Can someone tell me the difference?
Schauen Sie sich dieses Foto an.
Schauen Sie dieses Foto an.
Are they both correct? Do they both have the same meaning?
They are both correct. Both are very similar, and in many interchangable. Yet they have a difference. "Sich etwas anschauen" to look/watch/view something in a more concentrated way. You try to check the picture for its details. "Etwas anschauen" to look/watch/view something but you focus less on the details.
When you ask your art professor to judge your photo, then you ask/tell him to "Schauen Sie sich das Foto an.". But when you want someone to just look at the photo, then you just "Schauen Sie das Foto". Your photo is hanging in a gallery, but half of the picture is not really visible because the lighting is terrible. Youre telling the janitor "Schauen Sie das Foto an, (ist da irgendwas falsch?)" (Look at the picture, is there anything wrong). You hope that the janitor notices, that half of the picture is not enjoyable because its to dark (or for whatever reason).
Other example. A police officer shows a picture to two different persons. The police officer shows the picture to a barista and asks him to look at the picture and if he ever saw this girl. "Schauen Sie sich das Bild an. Haben Sie dieses Mädchen schon mal gesehen?". The officer wants the barista to closely look at the girl, so that he can answer if he saw or saw not this girl. The police officer interrogates a suspicious person. The suspicious person does not say a word. The officer shows pictures of the dead victim and tells the suspicious person "Schau das Bild an. Das ist deine Schuld!". The officer wants him to see the scary leftovers of the victim, so that the suspicious person gets emotional. Here it does not matter how the details look, the overall of the picture shall be seen and you do not need to notice that just 3 and not 4 fingers were cut off.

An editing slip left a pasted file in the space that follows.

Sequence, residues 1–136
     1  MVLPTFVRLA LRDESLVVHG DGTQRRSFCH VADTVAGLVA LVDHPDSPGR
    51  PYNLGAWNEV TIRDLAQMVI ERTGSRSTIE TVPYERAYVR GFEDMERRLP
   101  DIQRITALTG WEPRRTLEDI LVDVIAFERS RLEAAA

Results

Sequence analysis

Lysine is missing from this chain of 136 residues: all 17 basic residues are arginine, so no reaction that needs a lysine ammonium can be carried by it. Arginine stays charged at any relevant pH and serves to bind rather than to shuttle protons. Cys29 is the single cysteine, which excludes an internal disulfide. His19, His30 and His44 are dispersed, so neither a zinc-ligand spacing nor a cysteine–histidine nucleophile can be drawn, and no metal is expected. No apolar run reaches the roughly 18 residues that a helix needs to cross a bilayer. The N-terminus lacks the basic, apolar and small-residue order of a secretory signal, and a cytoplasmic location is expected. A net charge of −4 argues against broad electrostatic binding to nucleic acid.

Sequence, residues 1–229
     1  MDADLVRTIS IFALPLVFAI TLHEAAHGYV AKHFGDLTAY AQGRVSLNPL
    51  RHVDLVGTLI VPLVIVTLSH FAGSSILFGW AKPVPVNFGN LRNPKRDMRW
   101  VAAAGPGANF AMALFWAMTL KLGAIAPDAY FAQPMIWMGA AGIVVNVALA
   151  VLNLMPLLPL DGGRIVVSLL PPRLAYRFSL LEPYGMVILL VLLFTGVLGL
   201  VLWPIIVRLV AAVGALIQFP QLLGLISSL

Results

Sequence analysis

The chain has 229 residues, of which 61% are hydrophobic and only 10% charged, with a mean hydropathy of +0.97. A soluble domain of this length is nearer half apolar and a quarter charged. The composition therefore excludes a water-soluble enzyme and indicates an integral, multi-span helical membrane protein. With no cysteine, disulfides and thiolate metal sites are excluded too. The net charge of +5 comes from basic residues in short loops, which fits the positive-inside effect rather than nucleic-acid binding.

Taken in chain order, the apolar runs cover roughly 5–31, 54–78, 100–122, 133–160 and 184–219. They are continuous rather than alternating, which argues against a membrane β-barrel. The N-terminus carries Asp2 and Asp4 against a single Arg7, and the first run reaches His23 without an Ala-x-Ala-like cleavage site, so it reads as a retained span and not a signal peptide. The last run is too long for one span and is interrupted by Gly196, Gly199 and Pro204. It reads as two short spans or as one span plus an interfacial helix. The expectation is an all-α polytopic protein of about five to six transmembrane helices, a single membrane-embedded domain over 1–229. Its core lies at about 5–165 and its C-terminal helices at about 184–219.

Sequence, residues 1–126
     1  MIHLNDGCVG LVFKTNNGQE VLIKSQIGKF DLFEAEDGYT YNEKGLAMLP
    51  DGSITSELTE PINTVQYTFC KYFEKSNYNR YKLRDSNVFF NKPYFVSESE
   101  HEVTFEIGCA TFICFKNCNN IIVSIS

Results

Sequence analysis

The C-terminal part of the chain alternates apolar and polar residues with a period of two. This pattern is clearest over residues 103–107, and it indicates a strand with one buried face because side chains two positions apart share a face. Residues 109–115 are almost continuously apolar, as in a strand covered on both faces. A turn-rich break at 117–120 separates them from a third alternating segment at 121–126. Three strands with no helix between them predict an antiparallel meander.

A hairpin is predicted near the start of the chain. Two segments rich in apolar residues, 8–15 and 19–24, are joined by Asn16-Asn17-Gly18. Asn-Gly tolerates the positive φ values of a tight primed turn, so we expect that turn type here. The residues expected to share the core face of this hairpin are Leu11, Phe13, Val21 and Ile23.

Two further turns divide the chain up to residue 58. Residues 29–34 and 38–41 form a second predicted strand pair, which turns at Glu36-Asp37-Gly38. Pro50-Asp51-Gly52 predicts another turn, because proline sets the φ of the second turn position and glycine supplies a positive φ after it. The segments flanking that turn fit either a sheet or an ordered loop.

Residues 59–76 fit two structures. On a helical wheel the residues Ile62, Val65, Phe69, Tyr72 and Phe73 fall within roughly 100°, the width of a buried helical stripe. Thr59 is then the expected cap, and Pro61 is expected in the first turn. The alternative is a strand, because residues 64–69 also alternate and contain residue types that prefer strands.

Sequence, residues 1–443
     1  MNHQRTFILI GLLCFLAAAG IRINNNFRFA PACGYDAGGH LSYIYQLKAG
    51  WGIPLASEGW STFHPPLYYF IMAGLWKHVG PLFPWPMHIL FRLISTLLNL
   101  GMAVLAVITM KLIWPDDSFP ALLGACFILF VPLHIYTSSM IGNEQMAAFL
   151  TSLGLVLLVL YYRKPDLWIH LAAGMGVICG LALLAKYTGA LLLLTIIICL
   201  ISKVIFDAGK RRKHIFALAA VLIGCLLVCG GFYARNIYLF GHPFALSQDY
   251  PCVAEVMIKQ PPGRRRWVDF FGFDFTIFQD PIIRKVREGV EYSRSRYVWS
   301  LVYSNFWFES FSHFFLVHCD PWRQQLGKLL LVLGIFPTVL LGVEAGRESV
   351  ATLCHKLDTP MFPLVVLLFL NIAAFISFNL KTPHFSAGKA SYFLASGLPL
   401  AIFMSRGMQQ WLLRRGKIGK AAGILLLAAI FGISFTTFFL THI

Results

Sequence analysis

Schau dir das an...i like saying "check it out" in English. Otherwise, just take a look.
Adding the dative or reflexive, depending on the verb, is similar to saying "for yourself," which is also not necessarily stated in English. To me both emphasize for one's own benefit. One is more neutral.